Intel Xeon E5-2660 @ 2.20GHz [dual cpu]
TDP = 95W, x2 = 190W
# cores 16 (2x8)
# thread 32 (2x16)
MAX Memory Size = 384 GB DDR3 1600
Max memory bandwidth per cpu = 51.2 GB/s (102.4GB/s)
PCI Express lanes = 40
Passmark score = 17,325
COST = $333.20
Intel Core i7-6700K @ 4.00GHz
TDP = 91W
# cores 4
# thread 8
MAX Memory Size = 64 GB DDR4-1866/2133, DDR3L-1333/1600 @ 1.35V
Max memory bandwidth per cpu = 34.1 GB/s (102.4GB/s)
PCI Express lanes = 16
Passmark score = 11,001
COST = $350
The dual cpu setup scored almost same as the newer Intel Core i7-6900K @ 3.20GHz (priced at $1100) and for much cheaper. You don't get built in gpu, older architecture, less instruction sets, doesn't support DDR4, and higher TDP when running dual cpu. But if plan don't plan on upgrading for awhile and would like to run SLI + great multitasking performance the Xeon seems like a no brainer when it comes to effective cost/performance unless I am missing something?
You may have answered your own question but I didn't see a model number of the motherboard you found to see whether it requires anything special like ECC memory or a special power supply. Also there seems to be multiple versions of the E5-2660
Intel Xeon E5-2660 v2 - Ivy Bridge
Intel Xeon E5-2660 v3 - Haswell-EP
Clock speed is lower on the Xeon I would suspect single core applications would be slower but some apps that use more cores it could be faster. Not sure where it falls with gaming.
You might consider selling the mobo it being a more specialty mobo it might command a price that will get you more on the i7 consumer line.
Intel Core i7-6700K @ 4.00GHz
Intel Xeon E5-2660 @ 2.20GHz
Passmark 11535 Single
Passmark 17325 Dual CPU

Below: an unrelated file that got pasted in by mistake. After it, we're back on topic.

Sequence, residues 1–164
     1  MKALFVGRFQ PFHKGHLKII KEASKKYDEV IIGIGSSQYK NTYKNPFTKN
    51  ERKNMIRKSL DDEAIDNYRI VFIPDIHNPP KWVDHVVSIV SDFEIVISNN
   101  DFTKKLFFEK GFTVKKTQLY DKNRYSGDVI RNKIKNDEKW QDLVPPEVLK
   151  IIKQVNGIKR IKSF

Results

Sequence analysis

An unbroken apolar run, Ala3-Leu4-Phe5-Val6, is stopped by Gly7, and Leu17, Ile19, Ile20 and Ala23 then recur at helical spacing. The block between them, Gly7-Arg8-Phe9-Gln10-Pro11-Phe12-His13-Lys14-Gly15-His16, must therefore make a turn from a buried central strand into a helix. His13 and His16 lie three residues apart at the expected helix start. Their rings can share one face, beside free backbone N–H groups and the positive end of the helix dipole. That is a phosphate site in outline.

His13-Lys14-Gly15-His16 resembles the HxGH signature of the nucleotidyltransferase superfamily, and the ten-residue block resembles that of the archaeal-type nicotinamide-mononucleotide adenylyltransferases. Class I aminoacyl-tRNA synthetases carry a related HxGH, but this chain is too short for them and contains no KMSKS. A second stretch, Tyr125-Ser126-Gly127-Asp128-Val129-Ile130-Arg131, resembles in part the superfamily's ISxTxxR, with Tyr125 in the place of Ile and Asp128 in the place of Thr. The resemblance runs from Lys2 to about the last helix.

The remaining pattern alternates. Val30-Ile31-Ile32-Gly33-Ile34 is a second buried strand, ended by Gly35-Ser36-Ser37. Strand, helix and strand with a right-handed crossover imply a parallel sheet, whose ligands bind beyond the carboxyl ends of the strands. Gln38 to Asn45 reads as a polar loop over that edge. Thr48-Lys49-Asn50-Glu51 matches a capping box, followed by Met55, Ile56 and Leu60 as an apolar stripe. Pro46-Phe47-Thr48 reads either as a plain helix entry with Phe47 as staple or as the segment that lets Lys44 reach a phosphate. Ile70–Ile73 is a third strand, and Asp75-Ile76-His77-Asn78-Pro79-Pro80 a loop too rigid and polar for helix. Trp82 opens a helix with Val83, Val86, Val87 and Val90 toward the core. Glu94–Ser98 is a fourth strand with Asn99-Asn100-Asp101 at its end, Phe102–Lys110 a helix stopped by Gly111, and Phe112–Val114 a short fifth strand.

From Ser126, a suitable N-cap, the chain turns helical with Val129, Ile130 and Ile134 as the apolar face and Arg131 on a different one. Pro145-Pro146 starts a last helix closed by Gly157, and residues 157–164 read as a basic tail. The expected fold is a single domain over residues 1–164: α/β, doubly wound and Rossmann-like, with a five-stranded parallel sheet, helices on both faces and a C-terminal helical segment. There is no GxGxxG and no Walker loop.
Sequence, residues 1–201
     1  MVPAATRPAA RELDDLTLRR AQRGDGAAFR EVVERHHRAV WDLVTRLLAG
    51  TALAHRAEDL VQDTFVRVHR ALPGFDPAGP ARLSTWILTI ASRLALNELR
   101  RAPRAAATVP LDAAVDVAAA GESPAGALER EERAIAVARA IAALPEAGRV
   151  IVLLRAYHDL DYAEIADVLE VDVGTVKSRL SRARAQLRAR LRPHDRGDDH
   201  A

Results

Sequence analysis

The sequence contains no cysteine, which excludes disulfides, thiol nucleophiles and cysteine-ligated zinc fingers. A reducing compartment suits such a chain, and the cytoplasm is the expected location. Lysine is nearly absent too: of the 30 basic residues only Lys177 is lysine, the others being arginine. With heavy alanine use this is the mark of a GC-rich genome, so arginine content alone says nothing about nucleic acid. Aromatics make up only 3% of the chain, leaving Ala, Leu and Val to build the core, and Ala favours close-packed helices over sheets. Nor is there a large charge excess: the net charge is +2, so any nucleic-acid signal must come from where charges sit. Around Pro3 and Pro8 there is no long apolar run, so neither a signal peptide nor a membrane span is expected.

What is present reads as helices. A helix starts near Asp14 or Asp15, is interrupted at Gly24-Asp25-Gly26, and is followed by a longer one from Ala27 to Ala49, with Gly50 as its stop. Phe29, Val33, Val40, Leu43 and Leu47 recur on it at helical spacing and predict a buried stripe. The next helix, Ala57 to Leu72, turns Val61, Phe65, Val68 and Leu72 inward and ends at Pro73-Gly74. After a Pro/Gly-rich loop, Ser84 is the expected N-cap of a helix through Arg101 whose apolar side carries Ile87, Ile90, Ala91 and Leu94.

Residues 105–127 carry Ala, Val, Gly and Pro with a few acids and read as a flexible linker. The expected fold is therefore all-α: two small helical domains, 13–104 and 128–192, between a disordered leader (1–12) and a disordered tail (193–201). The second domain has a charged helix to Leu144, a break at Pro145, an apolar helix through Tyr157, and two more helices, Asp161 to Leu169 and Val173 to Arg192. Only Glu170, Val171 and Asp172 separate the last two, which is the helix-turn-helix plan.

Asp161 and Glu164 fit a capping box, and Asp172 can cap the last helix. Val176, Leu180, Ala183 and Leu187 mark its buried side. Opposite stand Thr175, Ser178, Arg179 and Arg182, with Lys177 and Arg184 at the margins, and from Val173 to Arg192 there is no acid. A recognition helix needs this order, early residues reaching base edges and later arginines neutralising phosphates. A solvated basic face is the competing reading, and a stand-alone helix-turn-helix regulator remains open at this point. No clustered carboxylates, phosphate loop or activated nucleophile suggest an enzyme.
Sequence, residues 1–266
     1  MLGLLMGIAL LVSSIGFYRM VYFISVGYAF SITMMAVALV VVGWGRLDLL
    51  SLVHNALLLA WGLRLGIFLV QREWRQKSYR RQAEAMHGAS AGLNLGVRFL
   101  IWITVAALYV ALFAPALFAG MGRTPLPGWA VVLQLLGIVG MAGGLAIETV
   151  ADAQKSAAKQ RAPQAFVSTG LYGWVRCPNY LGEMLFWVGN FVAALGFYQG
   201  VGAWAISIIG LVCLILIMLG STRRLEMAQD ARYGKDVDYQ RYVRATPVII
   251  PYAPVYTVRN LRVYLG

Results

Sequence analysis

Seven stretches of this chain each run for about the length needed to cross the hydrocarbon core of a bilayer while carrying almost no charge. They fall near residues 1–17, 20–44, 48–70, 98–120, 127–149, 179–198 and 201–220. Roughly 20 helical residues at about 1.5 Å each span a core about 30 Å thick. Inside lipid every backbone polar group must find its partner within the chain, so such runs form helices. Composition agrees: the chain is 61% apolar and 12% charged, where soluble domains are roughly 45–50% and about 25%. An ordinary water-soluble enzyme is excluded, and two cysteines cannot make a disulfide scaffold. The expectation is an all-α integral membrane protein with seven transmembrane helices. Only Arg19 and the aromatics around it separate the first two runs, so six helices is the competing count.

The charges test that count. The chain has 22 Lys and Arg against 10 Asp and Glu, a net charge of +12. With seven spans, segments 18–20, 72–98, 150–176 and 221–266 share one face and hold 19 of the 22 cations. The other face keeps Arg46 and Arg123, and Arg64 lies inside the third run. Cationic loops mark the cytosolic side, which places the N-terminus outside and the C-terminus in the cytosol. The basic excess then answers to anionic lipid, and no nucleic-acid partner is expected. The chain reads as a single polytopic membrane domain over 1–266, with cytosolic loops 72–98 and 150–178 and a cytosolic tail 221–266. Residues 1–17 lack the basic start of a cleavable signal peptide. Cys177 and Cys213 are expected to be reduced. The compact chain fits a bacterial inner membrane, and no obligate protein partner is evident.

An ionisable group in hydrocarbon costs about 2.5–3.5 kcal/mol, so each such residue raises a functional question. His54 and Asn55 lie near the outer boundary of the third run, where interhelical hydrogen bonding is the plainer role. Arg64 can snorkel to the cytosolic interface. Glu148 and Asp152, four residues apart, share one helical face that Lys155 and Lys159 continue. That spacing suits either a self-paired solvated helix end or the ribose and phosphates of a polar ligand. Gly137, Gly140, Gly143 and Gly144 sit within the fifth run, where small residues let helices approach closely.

POV-RAY 653 (Single-threaded higher clock speeds will generate higher scores with this benchmark, so a dual CPU system does not help this benchmark much.)
As far as gaming goes this can do 4x SLI and I'm wondering if 4x GTX 1080 would even cause a bottleneck for this dual xeon setup. I'm not exactly willing to spend that much on graphics cards, but maybe 2 GTX 1070's, RX 480's, or GTX 1060's when they come out.
dont expect to get good mileage gaming on a xeon as it is made for servers and workstations.
with any game 4cores that are faster tend to do better having as many cores as you can throw at it. if you plan to do 4 way sli with 1080s expect little support from nvidia.
i would almost recommend 2 systems one for gaming the other for encoding as you can see the xeon scores better with x264 encoding but the i7 has far better single threaded performance and can be easily overclocked
UserBenchmarks: Game 27%, Desk 41%, Work 29%
CPU: Intel Core2 Quad Q9650 - 41.8%
GPU: Nvidia GTX 750 Ti - 26.6%
SSD: Intel Raid 0 Volume 240GB - 68.4%
HDD: Toshiba P300 2TB - 95.3%
RAM: Unknown 4x4GB - 23.2%
MBD: Dell OptiPlex 780
Beats my A6-5400k
UserBenchmarks: Game 21%, Desk 38%, Work 19%
CPU: AMD A6-5400K APU - 32.1%
GPU: Nvidia GTX 560 - 24.7%
HDD: Amd-raid Array 1 499GB - 89.8%
RAM: Unknown IM34GU48C16-999HB 2x4GB - 29.9%
MBD: Asrock FM2A88X-ITX+